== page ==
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Bedwetting is a pretty much common medical condition, and it is medically referred to as nocturnal enuresis. It involves involuntary wetting during sleep. There are two different types and those are primary and secondary nocturnal enuresis. Primary nocturnal enuresis occurs in children who are 5 years old or even older. It may be divided into nighttime and daytime bedwetting, depending on the case. Secondary nocturnal enuresis involves passage of urine by a child who has not experienced bedwetting in the past 6 months. Primary enuresis is almost always associated with developmental delays which fortunately enough gradually get resolved on their own.

Risk factors

One of the most common and the most predetermining factors in bedwetting is the genetic predisposition. There are also a large number of cases of bedwetting which are associated with daytime incontinence and encopresis. In most cases, enuresis is considered as a manifestation of certain developmental delays in a child. It may include children who suffer from global developmental delay which may or may not include various different types of syndromes.

Certain types of neurological problems such as cerebral palsy and spina bifida may also be held responsible for the occurrence of nocturnal enuresis in some cases. Another common cause of nocturnal enuresis is constipation. Among other common causes of bedwetting at night is the urinary tract infection. It may be interesting to point out that urinary tract infection induced bedwetting affects girls much more than it does affect boys. Disturbed sleep can also be considered as one of the risk factors in the development of nocturnal enuresis. Airways obstruction, snoring, consumption of beverages which contain methylxanthines and stressful situations are also on the list of risk factors which may be contributing to the occurrence of bedwetting at night.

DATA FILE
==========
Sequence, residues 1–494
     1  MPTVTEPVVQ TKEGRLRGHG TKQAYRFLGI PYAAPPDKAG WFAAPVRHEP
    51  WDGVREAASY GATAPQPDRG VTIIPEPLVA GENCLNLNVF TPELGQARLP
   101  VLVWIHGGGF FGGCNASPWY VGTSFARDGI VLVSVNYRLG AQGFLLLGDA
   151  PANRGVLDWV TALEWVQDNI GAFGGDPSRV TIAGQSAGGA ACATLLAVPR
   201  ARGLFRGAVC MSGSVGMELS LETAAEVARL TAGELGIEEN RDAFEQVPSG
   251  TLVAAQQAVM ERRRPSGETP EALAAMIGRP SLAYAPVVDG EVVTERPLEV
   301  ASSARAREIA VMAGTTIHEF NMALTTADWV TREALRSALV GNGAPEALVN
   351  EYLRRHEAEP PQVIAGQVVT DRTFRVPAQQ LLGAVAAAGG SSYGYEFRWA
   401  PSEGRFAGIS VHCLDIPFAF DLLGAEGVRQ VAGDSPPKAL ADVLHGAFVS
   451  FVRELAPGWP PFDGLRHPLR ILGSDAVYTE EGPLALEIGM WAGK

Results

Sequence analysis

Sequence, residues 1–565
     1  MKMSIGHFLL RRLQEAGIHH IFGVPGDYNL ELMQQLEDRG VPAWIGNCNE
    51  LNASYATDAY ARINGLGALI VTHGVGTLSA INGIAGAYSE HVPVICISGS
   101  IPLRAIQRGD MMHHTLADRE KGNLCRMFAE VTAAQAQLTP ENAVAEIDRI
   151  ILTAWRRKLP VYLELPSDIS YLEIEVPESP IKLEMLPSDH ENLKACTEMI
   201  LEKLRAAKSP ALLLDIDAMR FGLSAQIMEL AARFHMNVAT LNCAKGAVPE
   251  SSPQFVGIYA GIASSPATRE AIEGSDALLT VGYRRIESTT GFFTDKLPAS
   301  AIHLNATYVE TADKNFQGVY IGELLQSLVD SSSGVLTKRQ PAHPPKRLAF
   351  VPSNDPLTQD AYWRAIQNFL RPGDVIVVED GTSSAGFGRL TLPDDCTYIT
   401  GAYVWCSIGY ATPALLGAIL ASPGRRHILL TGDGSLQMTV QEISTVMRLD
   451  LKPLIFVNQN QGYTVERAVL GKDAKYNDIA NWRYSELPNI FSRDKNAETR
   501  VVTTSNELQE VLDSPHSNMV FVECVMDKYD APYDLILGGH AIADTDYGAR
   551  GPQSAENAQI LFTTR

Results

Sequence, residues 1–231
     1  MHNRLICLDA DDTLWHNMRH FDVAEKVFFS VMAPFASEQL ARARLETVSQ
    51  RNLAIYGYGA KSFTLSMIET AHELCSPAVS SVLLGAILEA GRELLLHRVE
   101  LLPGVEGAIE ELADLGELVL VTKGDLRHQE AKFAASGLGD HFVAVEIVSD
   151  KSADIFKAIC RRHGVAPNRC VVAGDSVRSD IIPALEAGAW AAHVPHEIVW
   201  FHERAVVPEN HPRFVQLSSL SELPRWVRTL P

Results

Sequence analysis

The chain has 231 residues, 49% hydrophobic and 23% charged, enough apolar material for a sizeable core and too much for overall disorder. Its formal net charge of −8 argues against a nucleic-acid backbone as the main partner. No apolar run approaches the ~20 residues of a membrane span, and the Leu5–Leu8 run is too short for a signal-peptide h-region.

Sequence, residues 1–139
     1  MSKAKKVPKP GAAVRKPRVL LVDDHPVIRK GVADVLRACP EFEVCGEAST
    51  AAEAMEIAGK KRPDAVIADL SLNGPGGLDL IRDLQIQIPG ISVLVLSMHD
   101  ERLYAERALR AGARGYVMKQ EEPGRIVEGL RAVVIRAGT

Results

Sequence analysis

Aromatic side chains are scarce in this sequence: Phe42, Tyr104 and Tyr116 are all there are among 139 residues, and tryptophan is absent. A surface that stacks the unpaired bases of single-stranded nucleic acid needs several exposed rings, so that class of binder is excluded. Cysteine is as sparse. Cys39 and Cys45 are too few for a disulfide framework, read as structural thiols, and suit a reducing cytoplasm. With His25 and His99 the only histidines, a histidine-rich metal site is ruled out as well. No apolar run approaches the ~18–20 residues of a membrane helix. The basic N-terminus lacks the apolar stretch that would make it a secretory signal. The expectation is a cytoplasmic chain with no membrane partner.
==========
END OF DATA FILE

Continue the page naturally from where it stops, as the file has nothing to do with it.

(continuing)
Treatment options

One of the main common treatment methods for children who suffer from bedwetting is enuresis alarm. It is usually used only in children who experience frequent bedwetting. Another common treatment method for children who suffer from nocturnal bedwetting is a medication called desmopressin. It usually needs to be used for prolonged periods of time before providing any acceptable results. It sometimes needs to be accompanied by an anticholinergic, but it all depends on the individual case. Imipramine may also be used in certain rare cases.


Primary nocturnal enuresis usually affects 15% of children, and once it gets resolved it is fairly normal to reoccur at some point later on.

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